Eric Qwamina Arhin, a technician and his apprentice filling a refrigerant.

 

For several decades, the depletion of the earth’s ozone layer has been a major concern to scientists and policymakers, especially given the health implications such as skin cancer, eye cataracts among others. As a result, the Montreal Protocol, the first international treaty to regulate the production and use of ozone depleting chemicals was adopted and subsequently came into force in 1989 with Ghana as one of the signatories.

Ghana through various interventions such as formulation of policies/regulations on the importation and usage of some refrigerants with high Global Warming Potential (GWP); and institutional and individual capacity building activities, has achieved the target of attaining the 35% consumption reduction of Hydrochlorofluorocarbons.

To consolidate the success achieved and continue to meet other obligations under the Protocol, the United Nations Development Programme (UNDP) has been supporting the Environmental Protection Agency (EPA) to organize series of trainings for technicians in the refrigeration sector. This is to sensitize the technicians on how to handle and use energy efficiency and environmentally friendly refrigerants to reduce the associated impacts on the ozone to reduce climate change.

‘’We have realized that the most common refrigerant used in air conditioners is a significant ozone depleting chemical with climate threat potential. We are building the capacity of the technicians with the support of UNDP, to enable them effectively adopt the use of alternative refrigerants to protect the environment’’, stated Mr. Emmanuel Quansah, Acting Director of Climate Change and Ozone at the EPA.

This initiative by the UNDP and the EPA is building the capacity of the technicians to transition from the use of Hydrochlorofluorocarbons (HCFC 22) which is an ozone depleting chemical to a more environmentally friendly chemical, Hydrocarbon (HC 290), with the aim of phasing out the HCFC 22 eventually.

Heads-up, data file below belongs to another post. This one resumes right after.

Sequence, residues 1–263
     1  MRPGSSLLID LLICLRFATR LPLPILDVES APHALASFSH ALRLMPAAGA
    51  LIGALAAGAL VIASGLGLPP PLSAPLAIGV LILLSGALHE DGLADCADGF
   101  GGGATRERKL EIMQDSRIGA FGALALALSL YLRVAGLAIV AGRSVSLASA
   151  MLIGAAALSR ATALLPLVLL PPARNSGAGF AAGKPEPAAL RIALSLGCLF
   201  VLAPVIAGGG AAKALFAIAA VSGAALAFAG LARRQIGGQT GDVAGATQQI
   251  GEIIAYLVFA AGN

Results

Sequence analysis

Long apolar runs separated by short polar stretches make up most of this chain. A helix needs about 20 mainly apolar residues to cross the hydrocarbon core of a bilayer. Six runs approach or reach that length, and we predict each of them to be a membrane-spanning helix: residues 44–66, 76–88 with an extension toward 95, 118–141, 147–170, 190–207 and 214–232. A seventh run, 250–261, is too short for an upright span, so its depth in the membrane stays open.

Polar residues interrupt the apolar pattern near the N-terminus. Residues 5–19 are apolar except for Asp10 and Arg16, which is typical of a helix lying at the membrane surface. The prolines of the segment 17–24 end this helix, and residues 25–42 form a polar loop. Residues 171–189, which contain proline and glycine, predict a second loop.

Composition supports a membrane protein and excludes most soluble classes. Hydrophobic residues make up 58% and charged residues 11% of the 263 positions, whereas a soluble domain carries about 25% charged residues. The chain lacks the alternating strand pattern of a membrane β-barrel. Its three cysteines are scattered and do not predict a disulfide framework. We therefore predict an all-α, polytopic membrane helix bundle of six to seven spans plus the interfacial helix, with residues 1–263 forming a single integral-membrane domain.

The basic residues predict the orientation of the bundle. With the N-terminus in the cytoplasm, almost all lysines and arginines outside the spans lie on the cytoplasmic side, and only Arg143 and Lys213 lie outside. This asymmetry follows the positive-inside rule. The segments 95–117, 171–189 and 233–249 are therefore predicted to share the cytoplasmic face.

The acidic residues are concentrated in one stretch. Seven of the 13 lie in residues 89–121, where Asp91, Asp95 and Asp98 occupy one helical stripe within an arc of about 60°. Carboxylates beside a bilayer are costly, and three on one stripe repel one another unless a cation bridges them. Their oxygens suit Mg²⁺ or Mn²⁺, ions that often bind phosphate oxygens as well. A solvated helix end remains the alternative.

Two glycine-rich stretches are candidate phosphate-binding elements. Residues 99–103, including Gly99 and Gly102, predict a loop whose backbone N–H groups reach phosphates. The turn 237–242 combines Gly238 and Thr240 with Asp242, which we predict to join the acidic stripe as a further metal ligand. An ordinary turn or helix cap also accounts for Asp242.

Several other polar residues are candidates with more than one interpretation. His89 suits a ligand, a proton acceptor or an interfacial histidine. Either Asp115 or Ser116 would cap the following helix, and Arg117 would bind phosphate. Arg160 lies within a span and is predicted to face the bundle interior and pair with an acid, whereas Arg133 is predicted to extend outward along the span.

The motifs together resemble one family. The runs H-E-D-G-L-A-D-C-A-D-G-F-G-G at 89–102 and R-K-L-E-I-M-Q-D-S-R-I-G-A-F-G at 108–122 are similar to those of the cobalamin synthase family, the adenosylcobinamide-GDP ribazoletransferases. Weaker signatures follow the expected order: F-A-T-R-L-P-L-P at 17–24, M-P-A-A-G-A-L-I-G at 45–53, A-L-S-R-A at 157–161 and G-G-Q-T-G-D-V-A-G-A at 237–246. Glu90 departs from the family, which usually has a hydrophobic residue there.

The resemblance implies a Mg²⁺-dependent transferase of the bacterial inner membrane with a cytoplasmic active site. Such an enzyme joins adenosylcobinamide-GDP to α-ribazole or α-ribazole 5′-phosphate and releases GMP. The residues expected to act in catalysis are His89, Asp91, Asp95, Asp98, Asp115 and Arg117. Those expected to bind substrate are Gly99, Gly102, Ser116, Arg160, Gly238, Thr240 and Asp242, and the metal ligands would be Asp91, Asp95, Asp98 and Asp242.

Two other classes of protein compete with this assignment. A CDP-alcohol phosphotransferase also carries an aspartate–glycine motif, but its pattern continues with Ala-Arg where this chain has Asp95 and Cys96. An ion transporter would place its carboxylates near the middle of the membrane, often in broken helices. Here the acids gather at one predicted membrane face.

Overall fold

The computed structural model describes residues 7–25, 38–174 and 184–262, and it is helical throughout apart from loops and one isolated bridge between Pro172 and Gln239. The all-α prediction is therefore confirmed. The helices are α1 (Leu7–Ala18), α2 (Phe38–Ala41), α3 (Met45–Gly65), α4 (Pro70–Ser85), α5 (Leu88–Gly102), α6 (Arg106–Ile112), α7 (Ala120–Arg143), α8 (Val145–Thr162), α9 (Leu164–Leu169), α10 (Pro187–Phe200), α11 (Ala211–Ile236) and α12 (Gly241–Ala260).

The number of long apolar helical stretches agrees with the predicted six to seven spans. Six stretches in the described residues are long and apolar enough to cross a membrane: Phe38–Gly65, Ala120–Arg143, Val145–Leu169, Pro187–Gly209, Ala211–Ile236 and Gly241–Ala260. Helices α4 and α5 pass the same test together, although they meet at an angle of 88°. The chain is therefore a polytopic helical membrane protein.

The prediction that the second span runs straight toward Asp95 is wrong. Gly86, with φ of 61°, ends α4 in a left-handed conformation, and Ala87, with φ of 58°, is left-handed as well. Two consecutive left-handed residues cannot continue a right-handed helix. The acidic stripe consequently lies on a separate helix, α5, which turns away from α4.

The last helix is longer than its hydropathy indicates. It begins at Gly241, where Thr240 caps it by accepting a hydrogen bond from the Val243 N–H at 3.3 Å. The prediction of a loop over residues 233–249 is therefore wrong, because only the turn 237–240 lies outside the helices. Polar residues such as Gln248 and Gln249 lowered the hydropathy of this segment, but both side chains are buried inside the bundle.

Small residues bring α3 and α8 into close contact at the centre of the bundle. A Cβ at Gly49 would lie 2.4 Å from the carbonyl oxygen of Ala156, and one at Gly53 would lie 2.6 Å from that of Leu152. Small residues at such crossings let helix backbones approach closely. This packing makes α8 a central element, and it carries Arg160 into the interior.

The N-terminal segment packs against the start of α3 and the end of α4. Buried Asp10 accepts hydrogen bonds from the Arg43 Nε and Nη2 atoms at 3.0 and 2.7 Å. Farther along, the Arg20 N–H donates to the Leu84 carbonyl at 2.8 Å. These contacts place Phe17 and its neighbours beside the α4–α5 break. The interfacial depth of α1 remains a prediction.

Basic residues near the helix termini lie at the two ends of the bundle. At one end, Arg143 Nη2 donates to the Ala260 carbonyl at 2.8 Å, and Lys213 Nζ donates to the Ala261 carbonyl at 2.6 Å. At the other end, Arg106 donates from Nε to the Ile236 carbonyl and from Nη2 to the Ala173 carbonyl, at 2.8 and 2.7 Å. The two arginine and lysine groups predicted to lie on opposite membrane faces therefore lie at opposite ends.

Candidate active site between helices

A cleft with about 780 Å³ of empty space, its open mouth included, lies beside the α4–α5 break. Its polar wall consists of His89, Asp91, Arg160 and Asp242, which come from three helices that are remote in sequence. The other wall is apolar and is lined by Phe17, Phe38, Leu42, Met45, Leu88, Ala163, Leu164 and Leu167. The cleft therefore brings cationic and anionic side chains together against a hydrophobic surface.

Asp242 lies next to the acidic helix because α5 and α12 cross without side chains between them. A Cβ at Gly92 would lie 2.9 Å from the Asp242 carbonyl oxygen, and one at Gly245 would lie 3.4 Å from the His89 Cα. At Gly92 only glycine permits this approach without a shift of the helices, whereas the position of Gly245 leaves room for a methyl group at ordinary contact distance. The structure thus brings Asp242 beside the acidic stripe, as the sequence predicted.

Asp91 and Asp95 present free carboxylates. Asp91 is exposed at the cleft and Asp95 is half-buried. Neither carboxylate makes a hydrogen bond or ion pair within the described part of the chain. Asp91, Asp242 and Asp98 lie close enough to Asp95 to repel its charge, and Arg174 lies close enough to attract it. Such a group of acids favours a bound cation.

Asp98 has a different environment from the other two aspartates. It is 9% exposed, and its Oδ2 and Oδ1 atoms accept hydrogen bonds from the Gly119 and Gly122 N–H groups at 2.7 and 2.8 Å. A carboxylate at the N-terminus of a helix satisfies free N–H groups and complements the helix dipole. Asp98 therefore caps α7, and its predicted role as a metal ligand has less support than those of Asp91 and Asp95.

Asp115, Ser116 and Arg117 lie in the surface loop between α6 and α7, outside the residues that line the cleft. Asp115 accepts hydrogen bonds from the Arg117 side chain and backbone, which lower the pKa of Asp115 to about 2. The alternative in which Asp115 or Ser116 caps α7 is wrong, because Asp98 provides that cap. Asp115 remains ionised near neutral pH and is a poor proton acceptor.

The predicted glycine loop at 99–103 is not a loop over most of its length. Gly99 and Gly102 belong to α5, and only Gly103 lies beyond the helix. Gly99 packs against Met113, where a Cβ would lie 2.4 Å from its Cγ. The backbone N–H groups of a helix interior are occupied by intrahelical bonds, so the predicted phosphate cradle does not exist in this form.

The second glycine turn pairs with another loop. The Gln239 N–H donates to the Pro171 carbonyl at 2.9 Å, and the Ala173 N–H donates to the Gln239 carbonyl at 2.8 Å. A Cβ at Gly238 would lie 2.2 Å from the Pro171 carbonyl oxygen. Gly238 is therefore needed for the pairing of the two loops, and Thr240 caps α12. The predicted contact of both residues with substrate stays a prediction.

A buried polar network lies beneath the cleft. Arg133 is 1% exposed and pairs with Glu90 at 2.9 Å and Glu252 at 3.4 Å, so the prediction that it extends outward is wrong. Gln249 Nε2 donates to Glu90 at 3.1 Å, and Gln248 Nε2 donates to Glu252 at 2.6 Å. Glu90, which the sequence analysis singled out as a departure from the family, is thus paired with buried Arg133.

The training is particularly significant as it also provides a pathway for technicians by preparing them for the certification process regardless of their educational qualification. This will help streamline activities in the refrigeration sector. For Solomon Quaye, a beneficiary of previous trainings, it provides an opportunity to revolutionize his air conditioning business for sustainability.

‘’The training has significantly impacted my operations over the years. Following the training, I was able to acquire certification which has now allowed me to transition into the use of HC 290. Beyond the positive impact I am making on the environment, this chemical is cost effective, so I am able to make extra income from using the right chemical’’, noted Solomon Quaye, a technician at Quick Mechanical and Engineering Services.

Eric Qwamina Arhin, a technician at Excellent Cooling Technologies also recounts how the training did not only help him transition to the environmentally friendly chemical for the good of the planet and people, but it has also equipped him with the knowledge on how to ensure the safety of his workers when using the recommended chemical: HC 290 .

‘’The environmentally friendly chemical is highly flammable, one of the important lessons I got from the training was on effective containment measures of the chemicals. So, since 2020, I have been able to apply the safety measures I leant from the training to keep my staff and clients safe’’, Eric added.

To mobilize more support from all levels for the protection of the planet and people, EPA with support from UNDP has widened their scope to train more technicians, especially members of the Air Conditioning and Refrigeration Workshop Owners Association.

The trainings, which are being organized under the Hydrochloroflourocarbons Phase-out Management Plan (HPMP) Stage 1 Project has so far built the capacity of over 2000 technicians across Ghana.

Technicians being taken through practical sessions at the training.
Emmanuel Quansah, Acting Director of Climate Change and Ozone at the EPA, delivering a presentation on ozone-depleting chemicals.
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